My 6 Tips to Boost Film Makers from Amateur to Pro - Screen Magazine
Article: Chicago’s Screen Magazine.
1. Get Contracts Signed Before the First Day of Filming.
Besides legal protection, contracts spell out your on-set expectations of the cast and crew. Actor’s contracts are available to download on sites like SagIndie. Not only will you look like a pro with these, but if you opt to follow SAG guidelines you’ll gain access to union actors.
2. Sharpen Your Ax. Make Story Boards.
It’s a no-brainer that creating storyboards forces you to think like a camera (angles) and an editor (what to show). Every film I’ve worked on that utilized storyboards wound up looking thousands of dollars more expensive than those with only a shot list. Yes, storyboards are time consuming. But as Honest Abe said, “Give me six hours to chop down a tree and I will spend the first four sharpening the ax.”
3. When Casting, Search Further Than Your Friends.
Contact your state’s film commission or contact the commission responsible for the geographic area where you’re interested in filming (you can find listings through the Association of Film Commissions International website). Community theaters. Casting directors. Talent agents. Many are willing to post audition notices, look at storyboards, and make suggestions on actors that might be a good fit. If you are fortunate enough to have the budget to pay for travel, consider posting your casting notice on the BreakDownServices.com, which reaches agents in LA and New York. Who knows? You may land an actor with a bit of star power.
4. Avoid Shooting Yourself in the Foot, Get a Stunt Coordinator.
“But it’s not in the budget.” Then cancel filming and get a job flipping hamburgers! Many actors get so caught up in the moment while acting that they forget they are supposed to fake the violence, instead of really pistol whipping their scene partners face to a bloody pulp. (I use this analogy because my face suffered this fate at the hands of a gun wielding actor-gone-wild.) Log onto StuntPlayers.org for a directory of qualified performers. Remember, sometimes stunt coordinators will work for low pay or copy/credit. Also, neglecting to have a stunt coordinator around just because one of your actors has a “black belt in karate” listed as a skill on their resume is inviting a hospital visit. Stunt/fight choreographers are hired because they create violence that looks real, but is fake.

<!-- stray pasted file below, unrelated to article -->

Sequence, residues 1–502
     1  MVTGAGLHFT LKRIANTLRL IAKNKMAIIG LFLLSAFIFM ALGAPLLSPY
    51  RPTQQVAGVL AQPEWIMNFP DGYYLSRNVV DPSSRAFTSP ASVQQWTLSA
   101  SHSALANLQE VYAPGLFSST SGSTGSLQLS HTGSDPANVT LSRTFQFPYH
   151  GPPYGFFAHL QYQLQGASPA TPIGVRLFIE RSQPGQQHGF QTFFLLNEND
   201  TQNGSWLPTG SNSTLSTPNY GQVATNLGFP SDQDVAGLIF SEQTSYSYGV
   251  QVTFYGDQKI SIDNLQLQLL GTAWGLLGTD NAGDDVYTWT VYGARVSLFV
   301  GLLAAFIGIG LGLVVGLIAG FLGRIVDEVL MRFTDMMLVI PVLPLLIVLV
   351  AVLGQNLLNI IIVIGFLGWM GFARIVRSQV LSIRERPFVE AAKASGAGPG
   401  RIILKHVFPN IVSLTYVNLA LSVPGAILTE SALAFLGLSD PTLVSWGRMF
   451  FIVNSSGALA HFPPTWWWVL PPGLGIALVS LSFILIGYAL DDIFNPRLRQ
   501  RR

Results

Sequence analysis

5. Direct Actors with Action Verbs.
I’d be hard-pressed to find an actor who didn’t respond well to verbs as guidance for a scene. Something like this is good, “Run up the stairs while remembering your character’s bad childhood.” This is great direction as it’s basic, something I can actively pursue, and strive to achieve. Whereas, telling me that my character is “transcending childhood failures through seeking another level of physical height” is too abstract.
6. Repeat Praise, Actors Do Well With Constant Affirmation.
Even if you’ve told an actor they are doing well, tell them again. Actors are the most insecure artists in the world. When affirming communication is open and often, it eases things for when you have to give negative feedback or adjust an actor’s performance.